Closing The Gap In Global Economic Inequality

As recently as 1975, developed countries were 10-times richer than developing nations. Although there have been improvements in the last 40 years, and overall income distribution inequality has decreased, we still have a very long way to go to create a level playing field. The following infographic discusses the main causes of economic inequality and provides an insight into measures that are making a positive impact. 

According to the infographic, economic inequality occurs for two main reasons. The first is that returns on investment are greater than overall economic growth. This essentially means that the wealthy “tend to” get richer.

The second is a decrease in global population growth rates. The population of the world has increased year on year since the 1700s, but the rate has slowed since 1960. By 2100, the growth rate could fall to 0.1% compared to 2.1% in the 1960s. In developed countries, economic growth declined in the 1980s and ‘90s due to slow population growth and high return levels. 

As well as a gap between the developed and developing world, there is also concern about an increase in inequality within developed nations. Statistics suggest that just 1% of the population owns 40% of national wealth, for example.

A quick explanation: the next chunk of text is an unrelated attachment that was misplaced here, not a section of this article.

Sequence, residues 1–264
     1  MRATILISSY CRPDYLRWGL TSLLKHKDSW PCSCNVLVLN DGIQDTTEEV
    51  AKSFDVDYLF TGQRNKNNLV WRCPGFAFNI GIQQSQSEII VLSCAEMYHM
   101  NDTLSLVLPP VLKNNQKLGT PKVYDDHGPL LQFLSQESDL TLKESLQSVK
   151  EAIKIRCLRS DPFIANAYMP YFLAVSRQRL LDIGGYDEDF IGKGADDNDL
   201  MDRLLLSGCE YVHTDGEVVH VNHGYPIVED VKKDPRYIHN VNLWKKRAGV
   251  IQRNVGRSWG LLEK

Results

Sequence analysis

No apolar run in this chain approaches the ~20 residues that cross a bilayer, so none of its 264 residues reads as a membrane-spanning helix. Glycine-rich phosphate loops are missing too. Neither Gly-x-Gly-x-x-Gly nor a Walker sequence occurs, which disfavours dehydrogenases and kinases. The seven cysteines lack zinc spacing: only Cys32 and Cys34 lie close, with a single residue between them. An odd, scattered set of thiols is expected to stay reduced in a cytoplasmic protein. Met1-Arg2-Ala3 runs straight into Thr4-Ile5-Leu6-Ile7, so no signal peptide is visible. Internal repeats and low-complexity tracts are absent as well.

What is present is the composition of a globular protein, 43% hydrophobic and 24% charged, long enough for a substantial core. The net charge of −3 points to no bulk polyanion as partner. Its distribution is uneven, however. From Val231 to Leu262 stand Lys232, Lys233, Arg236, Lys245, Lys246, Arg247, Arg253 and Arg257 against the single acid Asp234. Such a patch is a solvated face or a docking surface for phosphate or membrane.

In response to these issues, the some propose measures including the introduction of a living wage and higher income tax rates for top earners. Creating more democratic trade policies and encouraging union membership could also help to close the gap. Union membership fell from 34% in 1979 to 10% in 2016.

Take a closer look at the infographic below to find out more about potential solutions:


Infographic Created By this infographic

 

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